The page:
As a member, you can also add your own favorite online recipes using the Bookmarklet. With EYB, you can have a searchable index of all your recipes in one place!

Happy cooking and baking everyone!

The team at EatYourBooks

From blogs:

From UK books:
From AUS/NZ books:
14 recipes from Spice Temple by Neil Perry

Wednesday, March 23, 2016

The New Spain cocktail


The New Spain cocktail
David, 23 Mar 

I fell in love with sherry the first time I went to Spain, but it’s something that slips my mind when I’m looking for something in the drink department. And Sherry, by Talia Baiocchi hoped to change that for me, and for lots of other people with her book, which has the best subtitle ever: “The wine world’s best-kept secret.” At that sums up a lot about how people see sherry.
New Spain Sherry Mezcal CocktailPeople know about sherry, but tend to think of it as something you cook with, from a jug-like bottle, from California or elsewhere. And while there are sweet and dry sherries, in general, as Talia notes, “Sherries are some of the driest wines in the world.” Sherry is not only the wine world’s best-kept secret, but it’s one of the world’s best wines.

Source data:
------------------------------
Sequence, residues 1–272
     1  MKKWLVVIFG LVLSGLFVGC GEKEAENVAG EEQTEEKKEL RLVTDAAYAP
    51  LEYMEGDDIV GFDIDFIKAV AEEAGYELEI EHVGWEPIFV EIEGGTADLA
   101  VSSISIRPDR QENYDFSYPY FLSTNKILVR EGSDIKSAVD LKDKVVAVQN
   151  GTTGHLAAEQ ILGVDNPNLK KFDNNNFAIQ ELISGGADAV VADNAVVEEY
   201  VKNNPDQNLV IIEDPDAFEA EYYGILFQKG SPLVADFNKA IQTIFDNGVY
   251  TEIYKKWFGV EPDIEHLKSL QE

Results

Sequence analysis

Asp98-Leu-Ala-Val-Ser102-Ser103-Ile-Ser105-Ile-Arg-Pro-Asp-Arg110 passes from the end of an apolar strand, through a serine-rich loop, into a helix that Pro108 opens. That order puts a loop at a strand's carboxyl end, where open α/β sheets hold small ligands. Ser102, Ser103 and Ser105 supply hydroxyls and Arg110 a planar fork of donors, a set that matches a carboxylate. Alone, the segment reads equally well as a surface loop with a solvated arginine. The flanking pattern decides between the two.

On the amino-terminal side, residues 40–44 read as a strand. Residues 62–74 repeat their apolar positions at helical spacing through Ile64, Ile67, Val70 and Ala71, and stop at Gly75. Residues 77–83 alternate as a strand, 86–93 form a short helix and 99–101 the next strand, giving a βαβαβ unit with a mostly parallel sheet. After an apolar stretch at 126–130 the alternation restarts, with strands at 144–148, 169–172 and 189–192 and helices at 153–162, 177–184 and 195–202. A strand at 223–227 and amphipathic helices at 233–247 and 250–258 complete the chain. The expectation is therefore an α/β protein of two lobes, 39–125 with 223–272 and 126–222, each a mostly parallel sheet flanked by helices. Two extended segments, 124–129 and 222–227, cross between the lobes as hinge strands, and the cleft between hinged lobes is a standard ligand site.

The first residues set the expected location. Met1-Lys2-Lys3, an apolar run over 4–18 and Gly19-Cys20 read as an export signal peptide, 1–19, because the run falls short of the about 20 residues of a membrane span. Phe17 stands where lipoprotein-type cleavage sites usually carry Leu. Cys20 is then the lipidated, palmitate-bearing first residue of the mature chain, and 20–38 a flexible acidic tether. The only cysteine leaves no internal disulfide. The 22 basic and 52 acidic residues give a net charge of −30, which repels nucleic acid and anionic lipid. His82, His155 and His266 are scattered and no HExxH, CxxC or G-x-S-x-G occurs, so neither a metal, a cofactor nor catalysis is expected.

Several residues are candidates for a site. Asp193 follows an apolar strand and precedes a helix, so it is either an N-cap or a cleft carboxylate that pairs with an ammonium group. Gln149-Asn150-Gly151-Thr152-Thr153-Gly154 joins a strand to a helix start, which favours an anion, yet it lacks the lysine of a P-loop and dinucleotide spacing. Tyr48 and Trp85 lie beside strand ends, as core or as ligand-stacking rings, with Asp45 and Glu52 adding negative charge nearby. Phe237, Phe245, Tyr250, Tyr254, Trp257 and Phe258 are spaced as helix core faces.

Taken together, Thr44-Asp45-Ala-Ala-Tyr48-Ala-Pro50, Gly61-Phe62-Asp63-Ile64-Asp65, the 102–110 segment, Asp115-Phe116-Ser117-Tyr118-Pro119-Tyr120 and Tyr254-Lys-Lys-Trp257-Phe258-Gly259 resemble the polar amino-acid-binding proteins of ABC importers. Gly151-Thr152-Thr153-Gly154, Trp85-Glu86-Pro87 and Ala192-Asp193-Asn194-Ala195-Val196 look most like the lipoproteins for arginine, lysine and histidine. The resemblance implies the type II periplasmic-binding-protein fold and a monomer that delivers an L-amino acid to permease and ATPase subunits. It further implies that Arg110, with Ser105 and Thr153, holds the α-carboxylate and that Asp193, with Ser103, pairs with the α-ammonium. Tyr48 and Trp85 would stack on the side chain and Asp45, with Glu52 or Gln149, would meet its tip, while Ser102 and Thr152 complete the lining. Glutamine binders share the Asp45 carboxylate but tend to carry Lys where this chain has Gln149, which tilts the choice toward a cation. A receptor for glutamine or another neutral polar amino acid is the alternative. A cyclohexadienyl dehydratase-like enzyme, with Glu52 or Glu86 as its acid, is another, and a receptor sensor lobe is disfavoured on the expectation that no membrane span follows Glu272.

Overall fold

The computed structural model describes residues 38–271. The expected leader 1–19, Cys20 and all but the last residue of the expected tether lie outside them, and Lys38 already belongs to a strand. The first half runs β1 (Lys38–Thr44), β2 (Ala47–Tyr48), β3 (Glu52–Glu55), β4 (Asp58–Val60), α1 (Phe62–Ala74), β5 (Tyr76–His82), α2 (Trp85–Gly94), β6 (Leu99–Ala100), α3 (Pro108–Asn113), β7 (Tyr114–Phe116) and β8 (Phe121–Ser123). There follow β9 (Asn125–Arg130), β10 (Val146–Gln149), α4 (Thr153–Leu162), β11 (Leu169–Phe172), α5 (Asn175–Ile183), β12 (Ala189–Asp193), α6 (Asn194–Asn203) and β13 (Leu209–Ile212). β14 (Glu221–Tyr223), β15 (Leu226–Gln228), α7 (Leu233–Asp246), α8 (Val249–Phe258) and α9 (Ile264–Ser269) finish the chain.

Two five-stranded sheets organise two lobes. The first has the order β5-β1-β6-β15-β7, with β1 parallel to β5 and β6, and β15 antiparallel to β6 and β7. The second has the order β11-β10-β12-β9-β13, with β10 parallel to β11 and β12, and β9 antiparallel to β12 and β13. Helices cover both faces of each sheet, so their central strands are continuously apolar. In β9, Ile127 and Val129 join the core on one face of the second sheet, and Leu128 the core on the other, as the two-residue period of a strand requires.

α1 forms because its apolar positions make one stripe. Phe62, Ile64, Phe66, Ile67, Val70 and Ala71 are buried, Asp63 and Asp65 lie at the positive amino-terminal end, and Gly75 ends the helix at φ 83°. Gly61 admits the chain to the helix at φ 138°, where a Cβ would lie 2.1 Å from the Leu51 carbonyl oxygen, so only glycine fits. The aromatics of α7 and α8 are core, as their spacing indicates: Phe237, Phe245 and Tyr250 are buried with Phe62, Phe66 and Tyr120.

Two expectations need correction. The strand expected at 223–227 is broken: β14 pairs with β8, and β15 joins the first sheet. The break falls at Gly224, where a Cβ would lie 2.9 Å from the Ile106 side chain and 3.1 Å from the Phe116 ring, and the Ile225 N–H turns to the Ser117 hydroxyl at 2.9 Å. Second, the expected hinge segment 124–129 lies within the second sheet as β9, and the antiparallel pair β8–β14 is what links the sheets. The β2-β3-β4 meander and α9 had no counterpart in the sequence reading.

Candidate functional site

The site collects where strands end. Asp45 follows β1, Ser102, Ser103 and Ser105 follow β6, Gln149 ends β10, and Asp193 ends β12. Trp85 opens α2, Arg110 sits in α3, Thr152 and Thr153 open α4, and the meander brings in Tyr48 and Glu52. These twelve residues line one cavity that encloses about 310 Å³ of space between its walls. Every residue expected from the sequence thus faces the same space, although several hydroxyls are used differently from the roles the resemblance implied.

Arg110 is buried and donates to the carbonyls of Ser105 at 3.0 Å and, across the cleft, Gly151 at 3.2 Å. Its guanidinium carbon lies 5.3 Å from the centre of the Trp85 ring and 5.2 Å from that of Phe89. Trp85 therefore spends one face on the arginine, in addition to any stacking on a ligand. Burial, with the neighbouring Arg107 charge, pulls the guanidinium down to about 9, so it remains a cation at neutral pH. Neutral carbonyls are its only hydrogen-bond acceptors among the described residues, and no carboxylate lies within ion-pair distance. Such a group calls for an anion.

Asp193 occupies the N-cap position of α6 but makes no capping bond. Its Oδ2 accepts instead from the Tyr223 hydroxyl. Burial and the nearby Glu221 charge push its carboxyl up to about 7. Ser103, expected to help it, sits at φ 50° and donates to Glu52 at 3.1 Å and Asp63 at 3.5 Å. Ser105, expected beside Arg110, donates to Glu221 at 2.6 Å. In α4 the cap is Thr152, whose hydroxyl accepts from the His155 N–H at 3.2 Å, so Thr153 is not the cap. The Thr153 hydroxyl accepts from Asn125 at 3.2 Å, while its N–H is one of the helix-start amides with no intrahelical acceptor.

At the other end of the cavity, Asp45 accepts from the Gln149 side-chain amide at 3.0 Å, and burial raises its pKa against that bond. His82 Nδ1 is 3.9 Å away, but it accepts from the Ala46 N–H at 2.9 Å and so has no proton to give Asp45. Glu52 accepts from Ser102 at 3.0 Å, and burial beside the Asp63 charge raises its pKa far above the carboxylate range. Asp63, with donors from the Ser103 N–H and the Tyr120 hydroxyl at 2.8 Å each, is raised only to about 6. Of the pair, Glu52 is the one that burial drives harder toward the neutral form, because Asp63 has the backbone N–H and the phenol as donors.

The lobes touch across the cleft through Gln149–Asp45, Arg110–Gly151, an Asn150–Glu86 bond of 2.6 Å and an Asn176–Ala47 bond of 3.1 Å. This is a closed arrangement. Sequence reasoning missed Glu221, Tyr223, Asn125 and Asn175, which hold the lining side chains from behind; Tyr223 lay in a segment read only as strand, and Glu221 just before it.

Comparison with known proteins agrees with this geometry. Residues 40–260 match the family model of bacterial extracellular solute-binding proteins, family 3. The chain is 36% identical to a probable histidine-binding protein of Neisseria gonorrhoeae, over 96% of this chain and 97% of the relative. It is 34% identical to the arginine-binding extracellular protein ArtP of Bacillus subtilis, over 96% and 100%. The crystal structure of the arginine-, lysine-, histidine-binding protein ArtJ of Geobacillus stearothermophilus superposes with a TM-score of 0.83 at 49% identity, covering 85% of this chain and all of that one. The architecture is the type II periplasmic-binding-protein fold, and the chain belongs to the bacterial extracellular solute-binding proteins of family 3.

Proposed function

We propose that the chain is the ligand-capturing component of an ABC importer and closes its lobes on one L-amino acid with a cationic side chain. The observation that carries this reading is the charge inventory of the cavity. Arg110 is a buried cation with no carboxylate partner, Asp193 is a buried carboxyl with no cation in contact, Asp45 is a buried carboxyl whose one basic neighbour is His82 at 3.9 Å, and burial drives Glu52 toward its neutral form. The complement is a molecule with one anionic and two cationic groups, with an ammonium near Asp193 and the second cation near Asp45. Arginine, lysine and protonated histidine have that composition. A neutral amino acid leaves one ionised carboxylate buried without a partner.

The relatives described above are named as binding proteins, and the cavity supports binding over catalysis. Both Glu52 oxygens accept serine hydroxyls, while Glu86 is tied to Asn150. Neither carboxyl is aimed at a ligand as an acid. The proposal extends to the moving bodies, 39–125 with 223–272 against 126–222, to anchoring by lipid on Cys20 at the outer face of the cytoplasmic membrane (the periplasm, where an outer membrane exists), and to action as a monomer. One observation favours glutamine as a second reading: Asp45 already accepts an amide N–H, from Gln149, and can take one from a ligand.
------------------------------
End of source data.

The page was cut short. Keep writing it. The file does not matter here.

New Spain Sherry Mezcal Cocktail
It’s hard to understand the appeal of sherry until you go to Spain, where it’s consumed with tapas at bars. I love sherry and it’s not something that’s common to find in France nor have I ever seen it served. Interestingly, the French drink port. But as a before-dinner drink, rather than after. Sherry vinegar is popular and widely available (and great for salads), although finding sherry isn’t easy. So I’d like to raise a glass (or two) to making sherry more popular worldwide.
Continue Reading The New Spain cocktail...